United States Naval Academy - Lucky Bag Yearbook (Annapolis, MD)

 - Class of 1909

Page 1 of 555

 

United States Naval Academy - Lucky Bag Yearbook (Annapolis, MD) online yearbook collection, 1909 Edition, Cover
Cover



Page 6, 1909 Edition, United States Naval Academy - Lucky Bag Yearbook (Annapolis, MD) online yearbook collectionPage 7, 1909 Edition, United States Naval Academy - Lucky Bag Yearbook (Annapolis, MD) online yearbook collection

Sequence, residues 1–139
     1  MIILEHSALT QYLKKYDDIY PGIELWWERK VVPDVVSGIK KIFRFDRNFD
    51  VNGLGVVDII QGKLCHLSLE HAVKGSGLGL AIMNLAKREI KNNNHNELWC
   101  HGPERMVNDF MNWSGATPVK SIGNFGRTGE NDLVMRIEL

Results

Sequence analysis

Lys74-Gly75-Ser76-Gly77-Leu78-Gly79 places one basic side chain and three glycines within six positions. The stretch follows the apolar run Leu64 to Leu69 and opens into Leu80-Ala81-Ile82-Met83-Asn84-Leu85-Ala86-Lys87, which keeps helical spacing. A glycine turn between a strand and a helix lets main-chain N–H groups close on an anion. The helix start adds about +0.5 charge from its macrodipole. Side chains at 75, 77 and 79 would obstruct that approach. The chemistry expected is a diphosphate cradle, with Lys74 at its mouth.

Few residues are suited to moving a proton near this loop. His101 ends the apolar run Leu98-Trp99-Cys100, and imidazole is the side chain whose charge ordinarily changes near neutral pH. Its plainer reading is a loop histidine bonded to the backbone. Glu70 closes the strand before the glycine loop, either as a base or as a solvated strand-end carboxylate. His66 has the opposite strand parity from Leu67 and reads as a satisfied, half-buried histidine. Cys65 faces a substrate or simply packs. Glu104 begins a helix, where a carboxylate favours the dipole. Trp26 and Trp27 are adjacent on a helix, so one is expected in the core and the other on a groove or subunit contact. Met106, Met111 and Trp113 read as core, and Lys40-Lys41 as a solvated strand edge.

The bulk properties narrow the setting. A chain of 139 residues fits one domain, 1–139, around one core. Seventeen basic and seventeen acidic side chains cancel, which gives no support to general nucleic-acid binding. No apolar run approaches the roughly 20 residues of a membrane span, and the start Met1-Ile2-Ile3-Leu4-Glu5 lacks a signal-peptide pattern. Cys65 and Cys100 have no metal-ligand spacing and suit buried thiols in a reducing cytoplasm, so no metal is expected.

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Text from Pages 1 - 555 of the 1909 volume: